At a time when senior civil servants saw their role in a different light from that of their political masters, Sean Cromien, the Secretary General of the Department of Finance, defined his job as being, “the last of the small spenders”.
And during the eight years he held the job, until his retirement in 1994, there wasn’t a lot to spend. Throughout much of his tenure, his job involved financial trauma as Ireland’s fiscal deficits ballooned after citizens were told “we are living way beyond our means” by the first taoiseach he served directly under, Charles Haughey.
During his year in charge of the public finances Cromien was a member of the three-man ‘Financial Review Board’, with Bob Curran and economist Colm McCarthy, which became known as ‘An Bord Snip’ as the then finance minister Ray MacSharry attempted to implement cutbacks as a way of controlling public spending.
He was also a central figure in Bertie Ahern’s ‘War Cabinet’ during the 1992-93 ‘currency crisis’ which led to the devaluation of the Irish Pound by 10pc on January 30, 1993, after it came under sustained attack from financial speculators after Britain’s withdrawal from the European Monetary System (EMS).
Ahern went into his office that day believing it was the only way out after sustained and mounting pressure and Cromien replied “Yes” when the then taoiseach ventured, “I think we’ll have to devalue.”
In retirement, Mr Cromien was able to indulge his passion for nature as a keen amateur naturalist, cataloguing species of Irish plants and animals like his hero Robert Lloyd Praeger.
He also become president of Dublin Zoo, where he helped to lead a redevelopment programme, making the zoo what it is today.
But he never quite left the civil service milieu and also conducted government-sponsored reports into the Department of Justice and later the over-spend on the construction of the Jeanie Johnston famine ship.
For a man who always looked severe, with large spectacles and dressed in a long black crombie coat, he had a pithy way with words.
Appearing as a witness in the DIRT Tribunal in his capacity as a former secretary general of the Department of Finance and director of the Central Bank, he declared that it was “always easier to persuade governments to deal with tax avoidance than tax evasion” something that was well known by the political classes whose first instinct when presented with unpopular measures was to think of their seats.
Cromien was a junior civil servant in the Department of Finance when the 36-year-old TK Whitaker was appointed secretary of the Department in 1956. In a diary entry reproduced by Whitaker’s biographer, Anne Chambers, he conveyed the excitement of the moment among the ‘grey’ men who then ran Ireland’s finances: “Mr Whitaker has been appointed. Great excitement and a very popular choice… he has been promoted out of his place in seniority, purely on merit, at every turn. It’s like the beginning of a new reign. We all wonder what it will mean. We feel it will bring change.”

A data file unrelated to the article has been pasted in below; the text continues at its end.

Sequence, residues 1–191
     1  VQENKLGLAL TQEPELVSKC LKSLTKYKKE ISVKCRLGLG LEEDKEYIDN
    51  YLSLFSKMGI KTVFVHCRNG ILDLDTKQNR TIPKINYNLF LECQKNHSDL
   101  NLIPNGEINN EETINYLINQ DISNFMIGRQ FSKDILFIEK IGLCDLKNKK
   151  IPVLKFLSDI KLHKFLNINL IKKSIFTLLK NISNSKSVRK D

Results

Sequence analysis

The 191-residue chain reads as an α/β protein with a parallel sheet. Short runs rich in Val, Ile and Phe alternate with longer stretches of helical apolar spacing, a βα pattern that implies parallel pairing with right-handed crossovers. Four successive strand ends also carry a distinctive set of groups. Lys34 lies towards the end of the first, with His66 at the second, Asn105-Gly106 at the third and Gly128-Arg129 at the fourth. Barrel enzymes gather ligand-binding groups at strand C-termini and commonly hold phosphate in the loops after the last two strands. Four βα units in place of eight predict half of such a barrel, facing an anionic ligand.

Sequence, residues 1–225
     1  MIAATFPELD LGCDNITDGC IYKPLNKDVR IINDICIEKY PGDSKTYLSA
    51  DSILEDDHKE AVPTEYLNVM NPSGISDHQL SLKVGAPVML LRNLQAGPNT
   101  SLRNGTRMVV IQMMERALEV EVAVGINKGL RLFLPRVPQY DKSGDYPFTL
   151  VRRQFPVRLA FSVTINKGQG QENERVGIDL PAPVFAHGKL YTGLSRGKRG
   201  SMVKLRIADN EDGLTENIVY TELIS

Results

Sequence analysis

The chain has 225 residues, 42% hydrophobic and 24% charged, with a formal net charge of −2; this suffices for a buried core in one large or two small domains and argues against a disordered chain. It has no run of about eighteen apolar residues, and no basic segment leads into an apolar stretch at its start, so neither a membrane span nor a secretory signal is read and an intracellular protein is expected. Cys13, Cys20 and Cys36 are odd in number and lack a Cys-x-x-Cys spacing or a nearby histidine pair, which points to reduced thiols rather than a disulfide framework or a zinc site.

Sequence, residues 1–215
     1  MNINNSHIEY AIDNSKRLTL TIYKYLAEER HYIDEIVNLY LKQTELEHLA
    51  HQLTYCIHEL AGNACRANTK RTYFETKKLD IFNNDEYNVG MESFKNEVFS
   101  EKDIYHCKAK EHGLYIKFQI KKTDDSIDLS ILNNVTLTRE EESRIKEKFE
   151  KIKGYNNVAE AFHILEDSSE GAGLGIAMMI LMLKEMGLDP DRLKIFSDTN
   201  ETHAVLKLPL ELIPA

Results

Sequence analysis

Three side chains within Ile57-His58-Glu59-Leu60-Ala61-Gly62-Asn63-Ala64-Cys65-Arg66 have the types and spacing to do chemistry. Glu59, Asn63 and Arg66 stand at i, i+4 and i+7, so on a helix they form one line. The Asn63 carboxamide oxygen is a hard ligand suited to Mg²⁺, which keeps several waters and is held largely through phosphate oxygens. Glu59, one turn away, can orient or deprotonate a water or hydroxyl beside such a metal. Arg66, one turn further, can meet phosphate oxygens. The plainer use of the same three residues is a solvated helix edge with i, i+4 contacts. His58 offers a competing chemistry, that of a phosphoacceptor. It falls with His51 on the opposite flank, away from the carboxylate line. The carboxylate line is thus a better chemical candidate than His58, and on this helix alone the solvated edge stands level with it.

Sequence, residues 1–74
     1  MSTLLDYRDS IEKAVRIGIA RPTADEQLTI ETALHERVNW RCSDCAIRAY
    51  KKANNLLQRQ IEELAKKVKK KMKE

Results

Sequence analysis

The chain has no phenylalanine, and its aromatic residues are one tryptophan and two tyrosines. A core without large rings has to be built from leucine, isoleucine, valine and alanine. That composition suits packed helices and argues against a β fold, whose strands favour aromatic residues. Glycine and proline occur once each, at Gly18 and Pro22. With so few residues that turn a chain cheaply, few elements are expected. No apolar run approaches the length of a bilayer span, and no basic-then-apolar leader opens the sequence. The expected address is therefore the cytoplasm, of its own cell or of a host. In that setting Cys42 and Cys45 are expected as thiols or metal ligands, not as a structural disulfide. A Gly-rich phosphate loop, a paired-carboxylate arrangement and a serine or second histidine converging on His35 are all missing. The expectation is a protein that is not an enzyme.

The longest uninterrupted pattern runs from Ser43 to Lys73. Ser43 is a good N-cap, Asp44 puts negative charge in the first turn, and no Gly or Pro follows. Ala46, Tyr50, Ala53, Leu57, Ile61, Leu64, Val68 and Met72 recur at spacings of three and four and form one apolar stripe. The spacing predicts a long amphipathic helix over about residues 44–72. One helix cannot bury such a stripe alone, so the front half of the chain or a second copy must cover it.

He was one of those who would rise to prominence in the years that followed, becoming second secretary and then first secretary for 17 years before assuming the top job.
Born in Dublin in 1929, Sean Cromien was educated at the Christian Brothers School in North Brunswick Street in the inner city and graduated with a first-class economics degree from UCD.
After a short stint in the Office of Public Works, he transferred to the Department of Finance in 1952, where he would spend the rest of his working life, rising at a steady pace, rather than in the spectacular fashion of his mentor TK Whitaker. At various times he served as a director of the Central Bank, a member of the National Economic and Social Council, the advisory committee of the National Treasury Management Agency and the boards of the World Bank and the European Bank for Reconstruction and development.
Following his retirement, he and Edmond Molloy conducted an inquiry into the Department of Justice in 1986, which found organisational, management and systems deficiencies and concluded – ironically in the light of much later events – that “nothing short of a comprehensive transformation” was required for the Department.
Mr Cromien was also involved in a hard-hitting report on the €15.5m spend on the Jeanie Johnston famine ship, now a popular tourist attraction in Dublin docks although it is no longer sea worthy.
In retirement he also took over as a full-time director of the National Library for six months when the incumbent retired on health grounds. He was also, for a time, on the board of the National Museum of Ireland.
Mr Cromien, who lived in Killester, Dublin, liked to indulge his passion for nature by bird watching and he was a regular swimmer at the Half Moon Club on Dublin’s South Bull Wall. A committed and life-long Catholic, he also served on the finance committee of the Archdiocese of Dublin.
Sean Patrick Cromien died last Monday at the age of 88 and his funeral took place at Glasnevin Cemetery last Friday.